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History made as first woman to lead U.S. military branch assumes command

Admiral Linda Fagan becomes the 27th Commandant of the United States Coast Guard.

WASHINGTON — With a simple exchange of salutes, history was made on Wednesday.

For the first time in the country's 246 years, there is now a female officer leading a branch of the American armed forces

She is Admiral Linda Fagan, who was previously the service's second-in-command, graduating from the Coast Guard Academy in 1985, in just the sixth class that included women. 

She steadily rose through the ranks, serving at sea on an icebreaker, and ashore as a marine safety officer.

"I'm immensely grateful to the many pioneers who paved the way," she said. "I'm proud to be part of this long history of service and dedication and groundbreaking and I'm committed to carrying these principles forward."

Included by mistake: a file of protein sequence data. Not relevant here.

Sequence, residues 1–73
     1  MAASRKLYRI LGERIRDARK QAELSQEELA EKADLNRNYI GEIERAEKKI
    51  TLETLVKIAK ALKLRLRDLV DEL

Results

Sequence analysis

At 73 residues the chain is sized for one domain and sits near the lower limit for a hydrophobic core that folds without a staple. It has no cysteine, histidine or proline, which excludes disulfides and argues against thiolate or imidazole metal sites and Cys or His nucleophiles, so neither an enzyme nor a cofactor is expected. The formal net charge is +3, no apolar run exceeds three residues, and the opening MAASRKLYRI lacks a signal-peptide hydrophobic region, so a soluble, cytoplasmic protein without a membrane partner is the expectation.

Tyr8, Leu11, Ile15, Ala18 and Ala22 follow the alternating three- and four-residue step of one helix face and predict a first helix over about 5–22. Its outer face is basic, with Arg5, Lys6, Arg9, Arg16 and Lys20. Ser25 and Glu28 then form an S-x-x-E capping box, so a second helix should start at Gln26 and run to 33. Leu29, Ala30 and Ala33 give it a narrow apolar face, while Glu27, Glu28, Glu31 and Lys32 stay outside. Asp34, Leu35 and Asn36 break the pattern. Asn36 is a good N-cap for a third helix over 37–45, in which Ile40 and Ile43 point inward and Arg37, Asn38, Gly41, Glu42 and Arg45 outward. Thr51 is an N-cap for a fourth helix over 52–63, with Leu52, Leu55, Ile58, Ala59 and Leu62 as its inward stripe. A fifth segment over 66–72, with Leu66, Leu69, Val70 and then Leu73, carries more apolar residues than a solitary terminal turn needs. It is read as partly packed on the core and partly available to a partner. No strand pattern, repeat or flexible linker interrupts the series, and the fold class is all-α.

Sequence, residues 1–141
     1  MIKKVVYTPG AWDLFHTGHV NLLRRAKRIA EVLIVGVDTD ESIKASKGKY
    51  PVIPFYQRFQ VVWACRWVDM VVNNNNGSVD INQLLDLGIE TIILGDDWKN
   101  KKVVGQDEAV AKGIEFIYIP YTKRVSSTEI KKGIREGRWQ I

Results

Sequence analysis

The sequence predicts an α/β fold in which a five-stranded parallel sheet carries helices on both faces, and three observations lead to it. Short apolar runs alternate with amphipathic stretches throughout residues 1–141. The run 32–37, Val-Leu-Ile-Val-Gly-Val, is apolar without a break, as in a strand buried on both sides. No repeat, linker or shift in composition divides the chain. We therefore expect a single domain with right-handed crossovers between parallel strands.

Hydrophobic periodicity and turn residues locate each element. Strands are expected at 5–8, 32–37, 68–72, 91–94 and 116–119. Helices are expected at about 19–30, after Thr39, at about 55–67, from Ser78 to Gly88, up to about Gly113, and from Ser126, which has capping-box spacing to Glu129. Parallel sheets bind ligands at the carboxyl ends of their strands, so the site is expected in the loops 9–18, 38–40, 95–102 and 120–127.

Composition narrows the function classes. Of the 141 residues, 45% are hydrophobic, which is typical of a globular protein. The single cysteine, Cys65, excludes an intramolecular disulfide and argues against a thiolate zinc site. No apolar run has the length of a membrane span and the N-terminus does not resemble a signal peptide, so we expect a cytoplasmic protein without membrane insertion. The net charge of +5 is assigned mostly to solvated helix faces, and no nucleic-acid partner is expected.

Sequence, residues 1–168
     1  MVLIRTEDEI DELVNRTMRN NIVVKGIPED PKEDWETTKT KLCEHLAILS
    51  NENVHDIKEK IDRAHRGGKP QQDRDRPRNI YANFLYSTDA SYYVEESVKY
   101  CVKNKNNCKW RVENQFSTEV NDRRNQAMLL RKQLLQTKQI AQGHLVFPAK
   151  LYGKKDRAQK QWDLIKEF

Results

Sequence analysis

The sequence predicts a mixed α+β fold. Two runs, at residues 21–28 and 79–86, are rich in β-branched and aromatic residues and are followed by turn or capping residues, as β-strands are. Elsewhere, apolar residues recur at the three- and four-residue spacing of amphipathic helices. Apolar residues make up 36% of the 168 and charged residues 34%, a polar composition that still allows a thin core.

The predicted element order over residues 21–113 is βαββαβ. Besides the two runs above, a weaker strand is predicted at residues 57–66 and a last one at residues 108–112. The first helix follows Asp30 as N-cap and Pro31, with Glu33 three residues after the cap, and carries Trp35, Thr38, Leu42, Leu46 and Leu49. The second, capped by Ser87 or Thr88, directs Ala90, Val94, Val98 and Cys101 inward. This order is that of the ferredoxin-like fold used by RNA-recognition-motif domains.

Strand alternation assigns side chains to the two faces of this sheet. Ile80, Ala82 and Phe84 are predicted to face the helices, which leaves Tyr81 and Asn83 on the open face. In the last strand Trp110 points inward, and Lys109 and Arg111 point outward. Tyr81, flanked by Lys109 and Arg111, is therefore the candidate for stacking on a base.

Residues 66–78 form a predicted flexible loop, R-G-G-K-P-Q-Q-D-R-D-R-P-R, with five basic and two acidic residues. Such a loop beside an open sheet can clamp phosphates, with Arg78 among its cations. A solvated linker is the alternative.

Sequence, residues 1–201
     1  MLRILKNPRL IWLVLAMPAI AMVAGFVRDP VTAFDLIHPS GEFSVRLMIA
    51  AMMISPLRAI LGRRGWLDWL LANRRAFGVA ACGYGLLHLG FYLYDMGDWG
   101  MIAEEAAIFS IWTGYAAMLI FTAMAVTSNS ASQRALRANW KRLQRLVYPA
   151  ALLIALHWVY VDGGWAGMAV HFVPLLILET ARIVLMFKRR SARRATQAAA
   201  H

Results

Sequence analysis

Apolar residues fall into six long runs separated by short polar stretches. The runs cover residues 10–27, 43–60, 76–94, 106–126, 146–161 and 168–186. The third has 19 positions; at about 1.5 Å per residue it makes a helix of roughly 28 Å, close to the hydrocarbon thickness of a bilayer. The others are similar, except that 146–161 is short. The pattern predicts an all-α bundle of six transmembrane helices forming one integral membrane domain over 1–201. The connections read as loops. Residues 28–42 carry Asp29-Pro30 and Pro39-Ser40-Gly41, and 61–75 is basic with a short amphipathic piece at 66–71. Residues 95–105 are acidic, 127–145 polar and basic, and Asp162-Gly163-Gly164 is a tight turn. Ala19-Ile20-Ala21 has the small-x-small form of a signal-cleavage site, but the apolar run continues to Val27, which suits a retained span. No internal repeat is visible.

Fagan's nomination to the post was approved by the Senate by unanimous consent in May.

Among Fagan's many admirers was President Joe Biden, who presided over the change of command ceremony at Coast Guard Headquarters, Washington, D.C.

"There is no one more qualified to lead the proud women and men of the Coast Guard," he said. "And she will also be the first woman to serve as commandant of the Coast Guard, the first woman to lead a branch of the United States Armed forces. And it's about time."

Added Secretary of Homeland Security Alejandro Mayorkas: "Today is an historic day for the United States Coast Guard, an historic day for the United States."

Fagan relieved the 26th commandant of the Coast Guard, Admiral Karl Schultz, who served in the post for four years, and who will now retire after 39 years of service.

Other recent military "firsts" include Air Force Chief of Staff General Charles Brown Junior, who is the first Black officer to become a service chief, and Lloyd Austin, the first African American to serve as Secretary of Defense.

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